Interview: pastry chef Genevieve Gergis (Bavel + Bestia)

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Chefs Los Angeles

Genevieve Gergis and husband Ori Menashe helm two family-run restaurants in DTLA. [Nicole Franzen]

Genevieve Gergis first met Ori Menashe while they were both working at La Terza in Mid-City. They each tell a version of the story in the new cookbook they co-wrote with Lesley Suter, Bestia: Italian Recipes Created in the Heart of L.A.. They’ve gone on to marry, have a daughter named Saffron, and open two revered restaurants. Bestia is now an Italian juggernaut with Mediterranean influences that helped to change the direction of DTLA’s Arts District, but in the cookbook’s intro, Gergis calls it “a restaurant that never should have worked.” With success, many of those reasons have melted away, and Bavel is their modern Middle Eastern restaurant follow-up in the same neighborhood and an instant hit. Both chefs have earned local acclaim, and veteran food writer Jeff Gordinier recently named Gergis 2018 Esquire Pastry Chef of the Year, vaulting her to the national stage. Gergis and I recently traded e-mails to get a better sense for her outlook and approach.

Joshua Lurie: What was the very first dessert that you ever remember making, and how did it turn out?

Genevieve Gergis: When I was around 7 years old, my mother was outside deep into conversation with our next door neighbor. I took the opportunity to throw a bunch of stuff together (eggs, flour, sugar, butter, vanilla) into a bowl and mixed it together. Poured it into a brownie pan and threw it into the oven. My mom came back just in time to see it almost fully baked. When sampled, it sort of tasted like a blondie. I don’t recall it being that memorable of a flavor, but my mom claims that it was pretty good.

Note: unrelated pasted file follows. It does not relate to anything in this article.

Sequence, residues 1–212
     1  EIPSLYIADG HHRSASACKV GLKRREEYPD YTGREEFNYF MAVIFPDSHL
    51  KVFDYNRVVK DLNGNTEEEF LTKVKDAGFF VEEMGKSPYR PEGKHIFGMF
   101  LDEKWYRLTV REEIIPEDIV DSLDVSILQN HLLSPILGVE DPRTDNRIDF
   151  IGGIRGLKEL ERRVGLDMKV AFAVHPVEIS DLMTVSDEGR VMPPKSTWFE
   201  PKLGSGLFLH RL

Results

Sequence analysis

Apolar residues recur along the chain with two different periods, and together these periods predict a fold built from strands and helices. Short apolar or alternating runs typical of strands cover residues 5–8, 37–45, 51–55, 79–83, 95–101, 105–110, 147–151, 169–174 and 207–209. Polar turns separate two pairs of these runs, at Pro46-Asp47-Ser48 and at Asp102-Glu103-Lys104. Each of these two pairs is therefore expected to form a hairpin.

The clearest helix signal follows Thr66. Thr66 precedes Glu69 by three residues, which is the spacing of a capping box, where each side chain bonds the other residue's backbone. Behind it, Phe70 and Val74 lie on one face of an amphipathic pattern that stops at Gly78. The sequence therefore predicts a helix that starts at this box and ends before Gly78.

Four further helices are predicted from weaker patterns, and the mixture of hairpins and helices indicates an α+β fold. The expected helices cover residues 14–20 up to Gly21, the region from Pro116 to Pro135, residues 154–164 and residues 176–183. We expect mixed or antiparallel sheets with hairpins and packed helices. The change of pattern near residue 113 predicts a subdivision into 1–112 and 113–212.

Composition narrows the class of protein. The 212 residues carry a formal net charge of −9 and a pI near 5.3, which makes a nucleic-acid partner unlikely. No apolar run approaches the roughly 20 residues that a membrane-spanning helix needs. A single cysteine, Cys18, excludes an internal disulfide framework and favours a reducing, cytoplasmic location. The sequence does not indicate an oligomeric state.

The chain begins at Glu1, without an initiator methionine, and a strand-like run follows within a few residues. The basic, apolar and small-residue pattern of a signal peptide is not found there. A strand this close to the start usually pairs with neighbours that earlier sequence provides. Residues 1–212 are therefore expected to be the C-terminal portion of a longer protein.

JL: What are the elements that a dessert needs to make Bavel’s menu? Also, how are those desserts different from what you’d serve at Bestia?

GG: At Bestia, the desserts are a lot more playful and reminiscent of childhood with inspiration from both Italy and California. The desserts at Bavel are classical desserts that have flavor profiles from the Middle East.

JL: How do you balance innovation with authenticity in your cooking?

GG: I don’t. I only think about what tastes good and what I want to eat.

JL: Tell me the story about the most recent dessert you created. What was your inspiration and approach?

GG: Right now I’m working on a new dessert for Bavel that may or may not make it to the menu which includes concentrated roasted pineapple, black tahini ice cream, orange blossom, and yogurt. The inspiration behind this was a cocktail that I tasted at Manresa for our anniversary last year.

JL: Who else do you look to in the restaurant industry for inspiration, guidance, and advice?

GG: I don’t look so much to anyone in the industry, as I look to the flavors that I run into in random, everyday situations. Sometimes it’s from an unknown bakery or a family recipe from a friend. For example, at Bavel the licorice bon bon is from a candy I tasted in Copenhagen. Or the frozen strawberry torte from the Bestia cookbook is roughly based off of the flavor profile of a Good Humor strawberry shortcake bar.

JL: What was your reaction to being named 2018 Esquire Pastry Chef of the Year, and what does the award mean to you?

GG: I was pretty shocked to be honest. I never expected to ever be awarded anything of this nature. I still haven’t fully absorbed what it means to me.

JL: Bestia is by all accounts a big success. What were your expectations for Bestia before the restaurant opened?

GG: Not a whole lot. We were expecting to be more like the bar from Cheers. You know, the restaurant around the corner from your house where everybody knows your name. I hope that for many people, we are that.

JL: What were the biggest challenges in creating the Bestia Cookbook?

GG: Trying to write a cookbook while trying to open a massive behemoth of a new restaurant at the same time. Not recommended.

JL: What was the final cut from the cookbook, the recipe you considered including, but weren’t able to include?

GG: The peaches & cream recipe. My editor told me that I already had way too many complicated recipes. Because the clotted cream takes over 24 hours, they decided that that would be the one that should be axed.


Joshua Lurie

Joshua Lurie founded FoodGPS in 2005. Read about him here.

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